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Cardiovascular Institute

Research

Here in the Division of Vascular Surgery of the West Penn Allegheny Health System (WPAHS), we pride ourselves on being at the forefront of modern medicine. Part of this means clinical excellence in performing treatments that are already well accepted. We closely monitor outcomes of vascular surgical procedures, and we consistently have results that rank at or better than national benchmarks. Another aspect of being at the forefront of vascular surgery is involvement in clinical research studies, whereby we investigate treatments that are not yet widely available. We can offer these investigational options to consenting patients long before the treatments become available at other hospitals. Some examples of active research projects include:

  • Use of a graft for Endovascular aortic aneurysm repair which allows for treatment of patients with a very short abdominal aneurysm “neck”. This new graft offers the possibility of a minimally invasive option for patients who would otherwise need a major open abdominal operation.
  • Using a new branched iliac device. This device allows us to avoid closing off a major branch vessel for patients who undergo endovascular therapy for iliac aneurysms. Closing off this branch can lead to long-term problems with reduced circulation to the buttock muscles.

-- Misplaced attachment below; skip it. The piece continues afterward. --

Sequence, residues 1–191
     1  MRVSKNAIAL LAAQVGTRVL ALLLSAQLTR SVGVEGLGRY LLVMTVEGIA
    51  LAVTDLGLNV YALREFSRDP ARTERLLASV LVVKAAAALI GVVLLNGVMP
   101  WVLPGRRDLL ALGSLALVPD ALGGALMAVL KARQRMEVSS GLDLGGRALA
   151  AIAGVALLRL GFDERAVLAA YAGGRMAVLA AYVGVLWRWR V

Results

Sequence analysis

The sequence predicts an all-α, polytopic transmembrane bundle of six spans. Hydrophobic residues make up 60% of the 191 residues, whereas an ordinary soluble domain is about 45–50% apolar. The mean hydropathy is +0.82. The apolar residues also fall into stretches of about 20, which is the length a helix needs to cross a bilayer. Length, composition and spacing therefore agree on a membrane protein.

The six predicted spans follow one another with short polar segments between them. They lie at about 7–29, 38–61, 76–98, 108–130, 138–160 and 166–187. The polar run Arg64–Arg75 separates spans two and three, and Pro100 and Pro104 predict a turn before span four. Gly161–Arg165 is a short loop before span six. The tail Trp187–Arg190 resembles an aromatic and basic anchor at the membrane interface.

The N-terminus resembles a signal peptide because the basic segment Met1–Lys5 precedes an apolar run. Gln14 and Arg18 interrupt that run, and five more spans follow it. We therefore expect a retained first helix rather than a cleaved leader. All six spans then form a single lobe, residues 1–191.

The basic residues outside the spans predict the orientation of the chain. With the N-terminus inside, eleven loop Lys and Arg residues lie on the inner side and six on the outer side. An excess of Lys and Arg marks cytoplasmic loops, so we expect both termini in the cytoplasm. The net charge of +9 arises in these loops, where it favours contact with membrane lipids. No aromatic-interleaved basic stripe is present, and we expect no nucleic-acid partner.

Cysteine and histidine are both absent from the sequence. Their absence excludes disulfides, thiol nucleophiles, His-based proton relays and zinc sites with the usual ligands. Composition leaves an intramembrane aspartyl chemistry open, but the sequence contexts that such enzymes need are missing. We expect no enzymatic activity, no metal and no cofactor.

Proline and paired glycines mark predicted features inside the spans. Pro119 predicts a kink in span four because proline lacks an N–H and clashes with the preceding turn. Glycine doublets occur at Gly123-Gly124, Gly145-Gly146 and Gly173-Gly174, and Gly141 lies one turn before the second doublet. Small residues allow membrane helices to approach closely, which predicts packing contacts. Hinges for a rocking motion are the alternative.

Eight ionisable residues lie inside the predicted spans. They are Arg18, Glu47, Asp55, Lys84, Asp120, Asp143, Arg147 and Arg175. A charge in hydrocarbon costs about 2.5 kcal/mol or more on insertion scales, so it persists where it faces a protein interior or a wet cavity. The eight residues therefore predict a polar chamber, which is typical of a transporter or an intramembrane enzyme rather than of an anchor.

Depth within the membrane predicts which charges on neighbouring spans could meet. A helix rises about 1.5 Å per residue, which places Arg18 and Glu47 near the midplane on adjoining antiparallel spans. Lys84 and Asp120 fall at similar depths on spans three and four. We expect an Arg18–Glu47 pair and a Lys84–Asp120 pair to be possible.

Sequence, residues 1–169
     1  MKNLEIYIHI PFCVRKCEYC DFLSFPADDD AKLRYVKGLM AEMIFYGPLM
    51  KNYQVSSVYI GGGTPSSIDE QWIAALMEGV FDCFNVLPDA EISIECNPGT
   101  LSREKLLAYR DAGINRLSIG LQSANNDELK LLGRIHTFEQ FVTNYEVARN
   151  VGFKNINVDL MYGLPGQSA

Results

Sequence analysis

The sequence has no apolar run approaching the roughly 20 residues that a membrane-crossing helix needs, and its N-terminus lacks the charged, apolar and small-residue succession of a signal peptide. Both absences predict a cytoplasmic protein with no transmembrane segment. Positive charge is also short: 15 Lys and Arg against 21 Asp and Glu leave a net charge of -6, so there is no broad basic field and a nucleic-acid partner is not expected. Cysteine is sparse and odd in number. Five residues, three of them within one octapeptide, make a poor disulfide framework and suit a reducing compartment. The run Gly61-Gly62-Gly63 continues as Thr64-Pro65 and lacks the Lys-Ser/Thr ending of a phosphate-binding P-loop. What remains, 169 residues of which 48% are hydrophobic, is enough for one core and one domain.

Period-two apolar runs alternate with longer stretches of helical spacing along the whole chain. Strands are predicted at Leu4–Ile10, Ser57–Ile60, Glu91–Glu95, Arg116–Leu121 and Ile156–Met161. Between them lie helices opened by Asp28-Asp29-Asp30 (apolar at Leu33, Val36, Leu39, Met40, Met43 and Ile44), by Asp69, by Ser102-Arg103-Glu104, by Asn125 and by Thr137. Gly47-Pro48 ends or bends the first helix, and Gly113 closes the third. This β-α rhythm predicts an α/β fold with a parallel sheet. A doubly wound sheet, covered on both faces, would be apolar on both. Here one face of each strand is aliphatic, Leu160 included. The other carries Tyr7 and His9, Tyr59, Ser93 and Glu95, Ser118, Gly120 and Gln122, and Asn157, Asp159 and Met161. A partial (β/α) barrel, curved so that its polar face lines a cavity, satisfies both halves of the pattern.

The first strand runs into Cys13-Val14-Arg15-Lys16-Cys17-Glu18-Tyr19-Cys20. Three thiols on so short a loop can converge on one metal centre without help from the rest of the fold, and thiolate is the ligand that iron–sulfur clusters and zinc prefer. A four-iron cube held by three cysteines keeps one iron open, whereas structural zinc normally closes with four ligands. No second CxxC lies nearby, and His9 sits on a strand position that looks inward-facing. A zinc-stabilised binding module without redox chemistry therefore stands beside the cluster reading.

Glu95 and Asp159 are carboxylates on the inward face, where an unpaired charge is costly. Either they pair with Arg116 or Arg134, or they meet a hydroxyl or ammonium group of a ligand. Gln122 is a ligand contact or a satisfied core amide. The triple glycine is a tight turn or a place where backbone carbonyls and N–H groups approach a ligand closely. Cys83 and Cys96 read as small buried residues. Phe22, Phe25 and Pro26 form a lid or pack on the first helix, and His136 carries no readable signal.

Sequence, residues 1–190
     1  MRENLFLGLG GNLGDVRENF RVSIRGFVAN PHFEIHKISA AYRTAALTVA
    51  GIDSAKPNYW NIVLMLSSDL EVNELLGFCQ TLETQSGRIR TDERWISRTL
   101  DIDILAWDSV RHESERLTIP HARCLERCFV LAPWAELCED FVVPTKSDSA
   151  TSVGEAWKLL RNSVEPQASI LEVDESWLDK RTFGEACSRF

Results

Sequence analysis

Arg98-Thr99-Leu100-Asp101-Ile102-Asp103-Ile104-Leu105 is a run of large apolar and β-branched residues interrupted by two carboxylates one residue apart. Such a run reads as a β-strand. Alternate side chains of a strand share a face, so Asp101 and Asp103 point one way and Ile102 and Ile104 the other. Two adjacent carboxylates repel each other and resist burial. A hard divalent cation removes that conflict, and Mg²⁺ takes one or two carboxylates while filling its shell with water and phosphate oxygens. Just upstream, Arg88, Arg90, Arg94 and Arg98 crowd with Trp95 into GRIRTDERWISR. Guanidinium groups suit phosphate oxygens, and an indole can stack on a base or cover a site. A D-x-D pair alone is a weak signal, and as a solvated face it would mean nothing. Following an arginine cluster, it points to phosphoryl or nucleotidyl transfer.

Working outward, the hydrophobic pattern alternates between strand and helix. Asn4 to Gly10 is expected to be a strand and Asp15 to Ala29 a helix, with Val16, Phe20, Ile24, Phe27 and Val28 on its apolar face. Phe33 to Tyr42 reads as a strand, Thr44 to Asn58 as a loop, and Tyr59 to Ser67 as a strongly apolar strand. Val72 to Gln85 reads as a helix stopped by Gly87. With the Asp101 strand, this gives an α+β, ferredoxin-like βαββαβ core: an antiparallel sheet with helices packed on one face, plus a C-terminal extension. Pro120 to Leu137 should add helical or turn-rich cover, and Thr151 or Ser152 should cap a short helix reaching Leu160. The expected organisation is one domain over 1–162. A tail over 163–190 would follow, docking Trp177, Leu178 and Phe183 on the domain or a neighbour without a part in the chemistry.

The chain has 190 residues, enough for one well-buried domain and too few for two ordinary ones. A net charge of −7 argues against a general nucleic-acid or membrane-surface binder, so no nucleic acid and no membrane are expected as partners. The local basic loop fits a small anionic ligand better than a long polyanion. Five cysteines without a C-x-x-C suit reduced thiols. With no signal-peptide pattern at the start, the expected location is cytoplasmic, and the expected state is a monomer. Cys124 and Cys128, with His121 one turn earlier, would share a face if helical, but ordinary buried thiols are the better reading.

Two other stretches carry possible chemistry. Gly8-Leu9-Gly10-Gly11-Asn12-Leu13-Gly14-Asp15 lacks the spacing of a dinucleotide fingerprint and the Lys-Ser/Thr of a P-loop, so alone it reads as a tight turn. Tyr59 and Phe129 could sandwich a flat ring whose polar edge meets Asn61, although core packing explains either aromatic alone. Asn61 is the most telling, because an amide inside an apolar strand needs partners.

• Treating patients with investigational medicines made from the patient’s own bone marrow cells, to improve blood flow to the legs when surgical options are no longer available. It is possible that such therapy may lead to decreased need for major amputation procedures.
  • Treatment of serious infections with a new antibiotic, which need only be administered once, thereby avoiding a long course of therapy that is needed for traditional antibiotics
  • Trialing a new drug for “clot busting”, potentially leading to improved outcomes for patients with occluded arteries and grafts
  • Registry studies, whereby we closely track the outcomes of procedures that are already FDA-approved. These studies, which are overseen by the FDA, are used as the basis for improving upon the results of existing, approved treatments
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